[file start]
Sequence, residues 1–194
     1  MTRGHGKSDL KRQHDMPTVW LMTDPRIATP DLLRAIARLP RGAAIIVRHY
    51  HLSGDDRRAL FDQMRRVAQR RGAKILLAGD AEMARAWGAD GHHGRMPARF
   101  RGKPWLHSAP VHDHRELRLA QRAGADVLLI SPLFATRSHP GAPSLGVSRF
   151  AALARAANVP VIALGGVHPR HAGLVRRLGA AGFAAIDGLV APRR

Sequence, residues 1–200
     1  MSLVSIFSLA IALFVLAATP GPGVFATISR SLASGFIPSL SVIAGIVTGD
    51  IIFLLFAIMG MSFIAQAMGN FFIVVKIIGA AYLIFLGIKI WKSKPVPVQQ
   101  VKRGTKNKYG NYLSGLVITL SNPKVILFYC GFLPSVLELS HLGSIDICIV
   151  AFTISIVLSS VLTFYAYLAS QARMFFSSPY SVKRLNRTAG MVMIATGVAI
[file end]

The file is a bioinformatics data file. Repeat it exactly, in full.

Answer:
Sequence, residues 1–194
     1  MTRGHGKSDL KRQHDMPTVW LMTDPRIATP DLLRAIARLP RGAAIIVRHY
    51  HLSGDDRRAL FDQMRRVAQR RGAKILLAGD AEMARAWGAD GHHGRMPARF
   101  RGKPWLHSAP VHDHRELRLA QRAGADVLLI SPLFATRSHP GAPSLGVSRF
   151  AALARAANVP VIALGGVHPR HAGLVRRLGA AGFAAIDGLV APRR

Sequence, residues 1–200
     1  MSLVSIFSLA IALFVLAATP GPGVFATISR SLASGFIPSL SVIAGIVTGD
    51  IIFLLFAIMG MSFIAQAMGN FFIVVKIIGA AYLIFLGIKI WKSKPVPVQQ
   101  VKRGTKNKYG NYLSGLVITL SNPKVILFYC GFLPSVLELS HLGSIDICIV
   151  AFTISIVLSS VLTFYAYLAS QARMFFSSPY SVKRLNRTAG MVMIATGVAI